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Патент USA US3063979

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United States Patent 0
3,063,969 Y
Patented Nov. 13, 1962
erably, this conversion is carried out at a temperature from
about 50° C. to about 100° C.
James R. Stephens, Gary, and Richard E. Van Strien,
Gri?ith, Ind., assignors to Standard Oil Company, Chi
Preparation of the 4-vinyl trimellitate anhydride and 4
’ vinyl trimellitate and the utilization of these compounds
is illustrated by the following examples:
cago, 111., a corporation of Indiana
No Drawing. Filed Sept. 14, 1959, Ser. No. 839,566
9 Claims. (Cl. 260—78.4)
_ . Example 1.—-A 3-liter ?ask ?tted with a stirrer and
re?ux condenser protected from atomspheric moisture was
charged with 482 g. (2.52 moles) of trimellitic anhydride,
1120 g. (13.0 moles) of vinyl acetate, and 7.02 g. of
This invention relates to the novel compounds 4-vinyl
trimellitate and 4-vinyl trimellitate anhydride and to 10, mercuric acetate. The reaction mixture was stirred and
methods of preparation of these compounds.
2.65 g. of 100% sulfuric acid was added. The reaction
4-vinyl trimellitate and 4-vinyl trimellitate anhydride
mixture was then re?uxed four hours. Upon cooling in
are derivatives of trimellitic anhydride (anhydro trimel
a_ Dry Ice-acetone bath precipitation of the 4-vinyl trimel
litic acid). A structural con?guration of 4-viny1 trimel
litate anhydride started. The contents of the ?ask were
litate anhydride is set out below:
15 then warmed to room temperature and ?ltered to separate
the crude product which weighed 190 g.
The crude product was dissolved in hot heptane and
recrystallized therefrom. This puri?ed product had a
melting point of 129° C. The saponi?cation number (mg.
of KOH equivalent to 1 g. of sample) of the puri?ed ma
terial was 778 (theoretical value 772) and the iodine num
ber was 102 (g. I; per 100 g. of sample). The molecular
A structural con?guration of 4-vinyl trimellitate is set out
weight of the puri?ed product determined by an ebullio
scopic technique was 218 which is the calculated value for
4-vinyl trimellitate anhydride.
Example 2.—A mixture of 96.1 g. (0.50 mole) of tri
mellitic anhydride, 285 g. (3.0 moles) of vinyl acetate,
0.05 g. of copper resinate, 1.4 g. of mercuric acetate, and ‘
0.30 g. of concentrated sulfuric acid was stirred four days
at 25° C. After standing an additional nine days the solid
was separated by ?ltration.
The copper resinate was included in the reaction as a
polymerization inhibitor. Copper resinate is the reaction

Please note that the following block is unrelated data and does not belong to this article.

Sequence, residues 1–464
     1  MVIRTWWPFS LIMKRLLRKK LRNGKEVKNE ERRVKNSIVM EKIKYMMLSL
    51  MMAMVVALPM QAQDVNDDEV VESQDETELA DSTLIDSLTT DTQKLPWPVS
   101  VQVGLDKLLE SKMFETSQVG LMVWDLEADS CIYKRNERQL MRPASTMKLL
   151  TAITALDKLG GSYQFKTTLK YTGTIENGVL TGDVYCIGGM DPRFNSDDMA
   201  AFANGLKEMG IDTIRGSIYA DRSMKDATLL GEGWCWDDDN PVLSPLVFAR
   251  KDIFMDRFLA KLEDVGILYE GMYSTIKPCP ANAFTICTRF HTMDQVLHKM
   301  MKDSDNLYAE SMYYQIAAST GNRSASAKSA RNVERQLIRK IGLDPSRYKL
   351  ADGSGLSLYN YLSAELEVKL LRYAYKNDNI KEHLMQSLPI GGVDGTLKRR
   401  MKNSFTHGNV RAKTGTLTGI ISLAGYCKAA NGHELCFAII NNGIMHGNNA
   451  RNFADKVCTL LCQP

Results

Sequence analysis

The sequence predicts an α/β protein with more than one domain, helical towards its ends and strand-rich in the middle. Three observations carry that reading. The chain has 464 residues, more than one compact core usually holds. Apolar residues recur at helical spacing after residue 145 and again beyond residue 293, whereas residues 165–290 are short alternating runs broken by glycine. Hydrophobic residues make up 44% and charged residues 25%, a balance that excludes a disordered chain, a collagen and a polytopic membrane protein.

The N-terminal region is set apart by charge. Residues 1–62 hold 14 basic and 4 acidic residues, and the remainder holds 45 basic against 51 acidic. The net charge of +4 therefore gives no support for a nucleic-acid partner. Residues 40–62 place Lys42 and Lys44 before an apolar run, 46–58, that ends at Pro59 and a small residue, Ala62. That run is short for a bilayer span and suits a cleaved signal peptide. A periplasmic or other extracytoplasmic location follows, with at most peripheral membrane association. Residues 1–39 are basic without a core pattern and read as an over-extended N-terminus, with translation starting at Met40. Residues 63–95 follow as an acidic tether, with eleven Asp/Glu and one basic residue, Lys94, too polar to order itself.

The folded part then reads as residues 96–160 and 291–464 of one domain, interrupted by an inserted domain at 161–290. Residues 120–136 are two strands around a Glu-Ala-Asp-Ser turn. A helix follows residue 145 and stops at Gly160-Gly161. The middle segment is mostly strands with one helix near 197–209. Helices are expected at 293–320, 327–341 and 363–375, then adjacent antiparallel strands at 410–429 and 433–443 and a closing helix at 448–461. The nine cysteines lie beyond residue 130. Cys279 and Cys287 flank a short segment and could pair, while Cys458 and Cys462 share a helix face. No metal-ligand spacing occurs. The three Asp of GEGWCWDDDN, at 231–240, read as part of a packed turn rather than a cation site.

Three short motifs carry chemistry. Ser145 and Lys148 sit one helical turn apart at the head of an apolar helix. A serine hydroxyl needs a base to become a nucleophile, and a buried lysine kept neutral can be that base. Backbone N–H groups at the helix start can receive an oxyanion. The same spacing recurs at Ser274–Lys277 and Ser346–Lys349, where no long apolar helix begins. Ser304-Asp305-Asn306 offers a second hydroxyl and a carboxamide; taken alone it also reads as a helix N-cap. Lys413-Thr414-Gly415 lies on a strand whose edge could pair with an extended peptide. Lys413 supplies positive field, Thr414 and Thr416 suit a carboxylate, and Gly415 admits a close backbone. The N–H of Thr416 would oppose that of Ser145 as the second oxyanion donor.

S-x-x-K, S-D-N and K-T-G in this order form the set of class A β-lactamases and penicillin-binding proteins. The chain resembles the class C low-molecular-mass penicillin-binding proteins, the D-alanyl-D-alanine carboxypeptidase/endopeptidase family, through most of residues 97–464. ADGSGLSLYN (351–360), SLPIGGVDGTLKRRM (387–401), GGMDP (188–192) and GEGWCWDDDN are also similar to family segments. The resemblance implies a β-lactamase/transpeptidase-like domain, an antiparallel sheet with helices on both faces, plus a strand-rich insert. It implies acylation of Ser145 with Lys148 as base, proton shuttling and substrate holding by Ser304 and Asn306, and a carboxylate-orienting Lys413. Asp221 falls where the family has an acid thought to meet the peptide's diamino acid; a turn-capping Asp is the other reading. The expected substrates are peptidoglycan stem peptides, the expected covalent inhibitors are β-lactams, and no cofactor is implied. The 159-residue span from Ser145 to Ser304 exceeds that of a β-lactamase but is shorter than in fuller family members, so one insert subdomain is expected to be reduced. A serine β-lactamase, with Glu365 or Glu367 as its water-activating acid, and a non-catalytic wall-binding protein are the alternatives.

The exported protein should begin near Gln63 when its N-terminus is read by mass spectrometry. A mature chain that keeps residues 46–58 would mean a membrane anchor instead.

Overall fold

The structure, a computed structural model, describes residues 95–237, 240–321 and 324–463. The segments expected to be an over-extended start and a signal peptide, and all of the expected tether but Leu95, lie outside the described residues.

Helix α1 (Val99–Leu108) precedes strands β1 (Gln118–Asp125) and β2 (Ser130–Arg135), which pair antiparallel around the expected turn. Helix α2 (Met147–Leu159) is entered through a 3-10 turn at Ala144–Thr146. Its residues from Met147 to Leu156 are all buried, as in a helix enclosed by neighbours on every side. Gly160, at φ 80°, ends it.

product of cupric sulfate and rosin oil, the fraction of
4—vinyl trimellitate anhydride is prepared by reacting tri
mellitic anhydride and
35 crude turpentine boiling above 360° C.
The crude recovered product, 4-vinyl trimellitic anhy
vinyl acetate. For each mole of
dride, weighed 43.2 g., had a melting point of 114-125“
trimellitic anhydride at least one mole of vinyl acetate
C. On recrystallization from heptane the 4-vinyl tri
is used. Preferably from about two to about ten moles
mellitate anhydride had a melting point of 127—28° C. and
of vinyl acetate per mole of the anhydride are used. 40 an iodine number of 93.4. The puri?ed material was
Under the preferred conditions the excess vinyl acetate
inspected by infra-red technique which showed the
serves as the solvent. The amount of vinyl acetate can
presence of vinyl ester bands. This puri?ed product was
be maintained at a minimum by conducting the reaction
inspected by mass spectrometric procedure and showed
in the presence of a suitable organic solvent such as
a parent peak corresponding to 218 which is the theoreti
45 cal value for 4-vinyl trimellitate anhydride.
The reaction of 4-vinyl trimellitic anhydride and vinyl
Example 3.-A one-liter ?ask ?tted with a stirrer and
acetate is conducted in the presence of catalytic. amounts
re?ux condenser protected from atmospheric moisture
of a mercuric salt of a mineral acid, suitable mineral acids
was charged with 192.1 g. (1.00 mole) of trimellitic an
are sulfuric, nitric and orthophosphoric. Preferred species
hydride, 488 g. (5.68 moles) of vinyl acetate, and 0.10
of salt are mercuric sulfate, mercuric nitrate and mercuric 50 g. of copper resinate. The mercuric sulfate catalyst was
prepared by mixing 2.8 g. of mercuric acetate and 0.78 g.
The reaction of trimellitic anhydride and vinyl acetate
of concentrated H2804 in a separate vessel. The catalyst
is carried out at temperatures in the range of about 0°
was added and the material in the reaction vessel was
C. to about 100° C. A reaction time of about three to
stirred and heated at re?ux for ?ve hours. The hot liquid
?ve hours is sufficient to convert essentially all of the an 55 was then ?ltered from a trace of insoluble material. The